Prime Minister Nikol Pashinian reaffirmed on Friday his government’s stated intention to maintain and even deepen Armenia’s cordial relations with neighboring Iran.
“We will make utmost efforts to further develop bilateral partnership,” Pashinian told the Iranian ambassador in Yerevan, Seyed Kazem Sajjad.
“We are interested in giving new impetus to Armenian-Iranian ties on the basis of mutual interests,” he said in remarks publicized by his press office.
Iranian President Hassan Rouhani likewise called for closer ties between the two nations when he phoned Pashinian a week after the latter was elected Armenia’s prime minister on May 8. An official Armenian readout of the phone call said the two leaders agreed to “further deepen mutually beneficial partnership in all areas.”
A statement by Pashinian’s office said the Armenian premier and Sajjad discussed the implementation of bilateral energy projects, including the ongoing construction of a new power transmission line and long-standing plans to build a hydroelectric plant on the Armenian-Iranian border. It said they also touched upon broader commercial ties, with the Iranian ambassador stressing the importance Iran’s provisional free-trade agreement with the Russian-led Eurasian Economic Union (EEU) signed last month.
Pashinian was quick to hail that deal, saying that it “fully” reflects Armenia’s national interests. “We hope that it will stimulate our commercial ties [with Iran,]” he told reporters on May 17.
Armenian manufacturers have long complained that the Islamic Republic’s protectionist policies severely limit their access to the Iranian market.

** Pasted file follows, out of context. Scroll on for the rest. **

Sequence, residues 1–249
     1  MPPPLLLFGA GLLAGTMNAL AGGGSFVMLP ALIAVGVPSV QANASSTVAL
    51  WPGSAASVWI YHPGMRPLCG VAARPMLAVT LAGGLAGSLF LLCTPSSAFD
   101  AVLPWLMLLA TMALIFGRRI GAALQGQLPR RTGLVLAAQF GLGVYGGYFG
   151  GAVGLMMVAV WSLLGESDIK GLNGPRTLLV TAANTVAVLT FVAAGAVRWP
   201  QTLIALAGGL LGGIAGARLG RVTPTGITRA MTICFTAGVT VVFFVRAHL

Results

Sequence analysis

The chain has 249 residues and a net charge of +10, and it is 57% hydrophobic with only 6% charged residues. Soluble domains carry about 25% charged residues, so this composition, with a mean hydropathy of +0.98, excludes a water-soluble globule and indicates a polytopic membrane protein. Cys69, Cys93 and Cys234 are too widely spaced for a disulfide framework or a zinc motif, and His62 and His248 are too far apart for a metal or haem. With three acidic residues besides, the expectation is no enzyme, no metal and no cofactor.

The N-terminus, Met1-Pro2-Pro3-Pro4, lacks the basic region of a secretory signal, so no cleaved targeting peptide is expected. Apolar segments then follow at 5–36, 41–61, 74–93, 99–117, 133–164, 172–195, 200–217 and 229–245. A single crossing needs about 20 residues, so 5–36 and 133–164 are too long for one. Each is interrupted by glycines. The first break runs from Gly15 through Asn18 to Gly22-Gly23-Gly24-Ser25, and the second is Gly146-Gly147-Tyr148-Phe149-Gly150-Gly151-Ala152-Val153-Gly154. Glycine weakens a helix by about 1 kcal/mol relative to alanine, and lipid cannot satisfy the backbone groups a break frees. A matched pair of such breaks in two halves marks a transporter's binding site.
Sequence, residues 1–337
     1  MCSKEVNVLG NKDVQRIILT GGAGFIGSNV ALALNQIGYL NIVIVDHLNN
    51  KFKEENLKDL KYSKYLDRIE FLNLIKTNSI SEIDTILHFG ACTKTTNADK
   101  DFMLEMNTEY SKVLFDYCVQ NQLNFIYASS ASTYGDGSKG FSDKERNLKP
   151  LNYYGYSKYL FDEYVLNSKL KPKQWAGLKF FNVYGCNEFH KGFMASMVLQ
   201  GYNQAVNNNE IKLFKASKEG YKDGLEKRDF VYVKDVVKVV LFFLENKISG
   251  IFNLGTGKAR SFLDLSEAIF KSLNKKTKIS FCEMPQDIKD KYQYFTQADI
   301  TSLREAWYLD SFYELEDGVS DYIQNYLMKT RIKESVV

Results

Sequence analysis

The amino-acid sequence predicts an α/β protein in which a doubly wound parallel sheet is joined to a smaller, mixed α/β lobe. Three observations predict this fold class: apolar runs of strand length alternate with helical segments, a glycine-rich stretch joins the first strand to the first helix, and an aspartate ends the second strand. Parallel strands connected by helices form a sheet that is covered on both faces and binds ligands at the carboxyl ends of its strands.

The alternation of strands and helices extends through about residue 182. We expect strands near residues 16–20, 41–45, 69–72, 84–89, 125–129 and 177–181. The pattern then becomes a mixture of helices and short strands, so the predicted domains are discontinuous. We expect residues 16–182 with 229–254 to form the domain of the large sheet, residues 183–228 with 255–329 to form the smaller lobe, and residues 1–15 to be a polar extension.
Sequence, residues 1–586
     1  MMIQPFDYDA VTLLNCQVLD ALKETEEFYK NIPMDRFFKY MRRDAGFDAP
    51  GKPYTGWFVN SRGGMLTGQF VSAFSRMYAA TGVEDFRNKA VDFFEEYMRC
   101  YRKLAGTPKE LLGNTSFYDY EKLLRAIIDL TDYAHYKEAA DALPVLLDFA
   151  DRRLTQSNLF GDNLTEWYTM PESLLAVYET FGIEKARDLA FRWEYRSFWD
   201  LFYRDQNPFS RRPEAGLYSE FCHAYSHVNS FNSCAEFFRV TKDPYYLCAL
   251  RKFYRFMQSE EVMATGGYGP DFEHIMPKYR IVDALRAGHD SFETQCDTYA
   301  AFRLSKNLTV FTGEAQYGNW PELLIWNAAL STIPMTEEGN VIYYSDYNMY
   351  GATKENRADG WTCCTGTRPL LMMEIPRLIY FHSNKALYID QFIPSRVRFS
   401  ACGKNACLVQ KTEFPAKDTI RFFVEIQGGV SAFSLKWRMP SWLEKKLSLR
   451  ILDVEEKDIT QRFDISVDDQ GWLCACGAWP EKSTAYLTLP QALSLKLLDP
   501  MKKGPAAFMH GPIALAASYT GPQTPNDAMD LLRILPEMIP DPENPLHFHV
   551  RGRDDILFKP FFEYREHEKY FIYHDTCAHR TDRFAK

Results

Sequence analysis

According to official Armenian statistics, Armenian-Iranian trade stood at a modest $263 million last year. The authorities in Yerevan hope that a free economic zone created near Meghri, an Armenian town on the Iranian border, last December will also boost it significantly.
The Iran-EEU deal was signed just days after the United States decided to re-impose economic sanctions on Tehran after pulling out of a 2015 international agreement on the Iranian nuclear program. Rouhani and Pashinian reportedly discussed implications of U.S. President Donald Trump’s controversial move.
In its comprehensive policy program approved by the Armenian parliament on Thursday, Pashinian’s government pledged to seek the kind of “special relationship” with Iran which would be “immune to other geopolitical influences as much as possible.” The program says Armenia will at the same time seek to bolster its “friendly partnership” with the U.S.
Due to the unresolved Nagorno-Karabakh conflict and the resulting closure of Armenia’s borders with Azerbaijan and Turkey, Iran has long been one of the landlocked country’s two commercial conduits to the outside world. Successive Armenian governments have therefore been keen to maintain a warm rapport with Tehran.